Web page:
At MNGR, we’ve been thinking about some of our favorite brands and why we like them. What sets them apart from other brands in their industry? What ad campaigns stand out? Why do they stand out? And most importantly why aren’t other brands taking the same approach to marketing?
All these questions feed into a few areas that we feel are crucial for effective marketing. Failure to plan and execute in these areas are some of the biggest marketing mistakes an organization can make whether they’re a young start-up or an established business.
We’ll save our power ranked ad campaigns for another day, but today we want to share our thoughts on a few marketing mistakes we see brands make and what brands can do to be more effective at positioning themselves.
1. Not Defining Your Brand or Your Brand Strategy
Having a well-defined brand is one of the most important aspects of setting your business apart from the competition. Without a well-defined brand or a brand strategy to guide and inform the decisions that your marketing team makes, your advertising will easily get lost in the noise created by the hundreds of other businesses in your field. If you are unclear about what branding is, you can read our post that covers what branding is and what branding isn’t.
Understanding your brand—who you are, what you stand for, and how you want your audience to perceive you is crucial because if you do not understand who you are, you can’t understand who your audience is and that is where marketing tends to fall apart.
2. Not Finding Your Tribe
In the same vein as branding and understanding who you are, it’s important for brands to figure out what community they serve and what problem within that community they solve. We call this finding your tribe.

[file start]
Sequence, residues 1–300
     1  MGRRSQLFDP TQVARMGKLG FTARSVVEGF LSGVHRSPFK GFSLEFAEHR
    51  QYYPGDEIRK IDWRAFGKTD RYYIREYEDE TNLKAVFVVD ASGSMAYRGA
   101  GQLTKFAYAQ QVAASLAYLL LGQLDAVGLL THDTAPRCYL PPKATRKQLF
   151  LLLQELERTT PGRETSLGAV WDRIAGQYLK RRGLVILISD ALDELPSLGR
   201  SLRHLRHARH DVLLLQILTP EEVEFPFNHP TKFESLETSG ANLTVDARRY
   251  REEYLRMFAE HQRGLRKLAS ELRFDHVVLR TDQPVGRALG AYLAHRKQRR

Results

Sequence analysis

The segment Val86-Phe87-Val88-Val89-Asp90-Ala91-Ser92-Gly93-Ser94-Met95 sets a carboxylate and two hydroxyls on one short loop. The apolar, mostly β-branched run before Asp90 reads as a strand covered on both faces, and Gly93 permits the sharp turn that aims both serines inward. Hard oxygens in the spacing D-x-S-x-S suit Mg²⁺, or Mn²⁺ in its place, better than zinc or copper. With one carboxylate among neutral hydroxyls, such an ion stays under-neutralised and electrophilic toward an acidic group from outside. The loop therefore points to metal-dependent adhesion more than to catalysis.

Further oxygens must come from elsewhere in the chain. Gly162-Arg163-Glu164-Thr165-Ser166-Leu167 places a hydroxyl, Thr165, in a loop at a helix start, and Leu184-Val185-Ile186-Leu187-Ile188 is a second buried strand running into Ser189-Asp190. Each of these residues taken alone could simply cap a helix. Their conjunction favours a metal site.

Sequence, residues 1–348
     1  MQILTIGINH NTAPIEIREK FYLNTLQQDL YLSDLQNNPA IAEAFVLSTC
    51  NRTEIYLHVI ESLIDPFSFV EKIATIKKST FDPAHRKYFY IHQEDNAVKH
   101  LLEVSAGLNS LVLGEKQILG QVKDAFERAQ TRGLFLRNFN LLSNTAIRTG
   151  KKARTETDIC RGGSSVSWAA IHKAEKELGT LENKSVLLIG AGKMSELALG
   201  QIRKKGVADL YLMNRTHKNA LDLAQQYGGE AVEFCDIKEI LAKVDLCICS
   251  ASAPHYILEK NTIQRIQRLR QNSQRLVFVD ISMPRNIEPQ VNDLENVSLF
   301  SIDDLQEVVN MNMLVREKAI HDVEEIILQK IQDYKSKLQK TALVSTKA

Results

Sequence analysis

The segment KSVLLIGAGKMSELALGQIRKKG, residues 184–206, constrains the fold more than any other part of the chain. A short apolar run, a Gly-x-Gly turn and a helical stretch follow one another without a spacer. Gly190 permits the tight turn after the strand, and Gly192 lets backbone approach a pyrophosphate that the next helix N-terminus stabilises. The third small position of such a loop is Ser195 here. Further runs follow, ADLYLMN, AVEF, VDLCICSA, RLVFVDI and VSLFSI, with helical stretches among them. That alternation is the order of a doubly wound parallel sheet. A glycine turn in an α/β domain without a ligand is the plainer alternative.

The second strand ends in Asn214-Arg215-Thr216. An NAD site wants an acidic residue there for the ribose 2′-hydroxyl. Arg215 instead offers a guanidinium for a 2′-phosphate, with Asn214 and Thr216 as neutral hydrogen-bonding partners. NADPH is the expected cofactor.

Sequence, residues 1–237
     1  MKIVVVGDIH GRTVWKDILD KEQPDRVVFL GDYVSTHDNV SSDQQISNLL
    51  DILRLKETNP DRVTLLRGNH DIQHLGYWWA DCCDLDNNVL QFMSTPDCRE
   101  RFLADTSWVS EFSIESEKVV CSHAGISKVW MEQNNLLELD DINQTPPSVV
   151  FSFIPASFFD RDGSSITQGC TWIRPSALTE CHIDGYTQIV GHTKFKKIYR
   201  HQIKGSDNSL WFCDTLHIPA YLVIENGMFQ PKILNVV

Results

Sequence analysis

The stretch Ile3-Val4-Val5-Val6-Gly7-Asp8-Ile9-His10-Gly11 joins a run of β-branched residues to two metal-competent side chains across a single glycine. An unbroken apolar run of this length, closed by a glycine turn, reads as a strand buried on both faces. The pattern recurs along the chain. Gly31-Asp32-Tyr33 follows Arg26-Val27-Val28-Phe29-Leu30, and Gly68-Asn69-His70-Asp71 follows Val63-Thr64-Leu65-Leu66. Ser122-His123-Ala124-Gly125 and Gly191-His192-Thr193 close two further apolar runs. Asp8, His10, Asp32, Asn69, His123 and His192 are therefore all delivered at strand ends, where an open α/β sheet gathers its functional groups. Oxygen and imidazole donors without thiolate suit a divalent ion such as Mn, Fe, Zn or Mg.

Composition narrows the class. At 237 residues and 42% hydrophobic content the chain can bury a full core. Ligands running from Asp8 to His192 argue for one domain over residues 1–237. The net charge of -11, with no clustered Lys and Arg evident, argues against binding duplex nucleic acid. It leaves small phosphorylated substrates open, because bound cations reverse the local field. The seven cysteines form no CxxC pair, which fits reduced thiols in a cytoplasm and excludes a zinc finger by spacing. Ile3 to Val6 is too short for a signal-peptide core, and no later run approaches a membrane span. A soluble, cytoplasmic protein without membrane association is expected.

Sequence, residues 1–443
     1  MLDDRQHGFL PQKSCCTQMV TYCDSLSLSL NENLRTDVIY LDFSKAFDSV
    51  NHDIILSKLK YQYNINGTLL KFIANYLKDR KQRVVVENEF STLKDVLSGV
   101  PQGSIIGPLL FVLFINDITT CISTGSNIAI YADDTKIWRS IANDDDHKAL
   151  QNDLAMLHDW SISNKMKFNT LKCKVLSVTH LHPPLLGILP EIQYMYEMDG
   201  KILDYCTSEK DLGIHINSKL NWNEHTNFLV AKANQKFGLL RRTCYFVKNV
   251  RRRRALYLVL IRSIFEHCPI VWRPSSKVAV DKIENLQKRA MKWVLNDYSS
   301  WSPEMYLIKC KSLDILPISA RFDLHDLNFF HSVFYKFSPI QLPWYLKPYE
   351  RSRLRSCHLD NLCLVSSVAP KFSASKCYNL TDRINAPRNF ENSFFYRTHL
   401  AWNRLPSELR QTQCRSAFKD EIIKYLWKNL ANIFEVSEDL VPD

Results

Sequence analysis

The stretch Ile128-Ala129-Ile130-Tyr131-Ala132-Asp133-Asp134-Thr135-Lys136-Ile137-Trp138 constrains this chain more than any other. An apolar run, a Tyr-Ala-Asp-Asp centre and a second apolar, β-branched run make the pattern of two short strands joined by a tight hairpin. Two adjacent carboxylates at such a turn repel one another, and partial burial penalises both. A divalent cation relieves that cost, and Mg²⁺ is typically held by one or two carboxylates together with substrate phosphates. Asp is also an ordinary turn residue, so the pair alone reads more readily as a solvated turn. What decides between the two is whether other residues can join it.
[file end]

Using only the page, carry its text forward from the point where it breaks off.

Ask yourself, who are the people who will support your brand, support your mission, buy your products, and show their friends your product because they believe in your brand.
A great example of a brand that has found its tribe is Lunchbox Packs—a company that sells hydration packs but really leans into the rave/festival-going community. Lunchbox understands hydration packs are a MUST HAVE item for festival-goers who will fill up on free water and head to their favorite sets all weekend long.
Below, you’ll see a comparison between Lunchbox and Teton. Both sell hydration packs but Lunchbox is much more specific about who they sell to and why their product is better suited for that audience. They don’t have to say “we’re the cheapest,” they say “we build products to improve your next live event.”
Rather than trying to market their hydration packs to everyone who would need a hydration pack (hikers, cyclists, campers, etc.) they focus their marketing on the rave/festival community.
3. Not Taking Any Risks
When it comes to marketing, playing it safe is riskier than you think. A brand that plays it safe because they do not want to alienate anyone—because they want to sell to everyone and be for everyone— runs the risk of being for no one.
Taking [measured] risks is an important part of standing out as a brand. Today, the brands that stand out are speaking up about social issues they stand behind, taking chances and owning mistakes, and investing in their most loyal customers.
An example of brands that take risks are:
- Nike’s ‘Dream Crazy’ ad starring Colin Kaepernick
- Frank’s Red Hot “I Put That SH*T On Everything” slogan
- Domino’s “We Stink” campaign
Each of these campaigns took risks that would potentially turn customers away, but instead, they saw incredibly positive results. Nike won an Emmy for their ad, Domino’s saw record sales, and Frank’s Red Hot has the most memorable slogan of any hot sauce out there.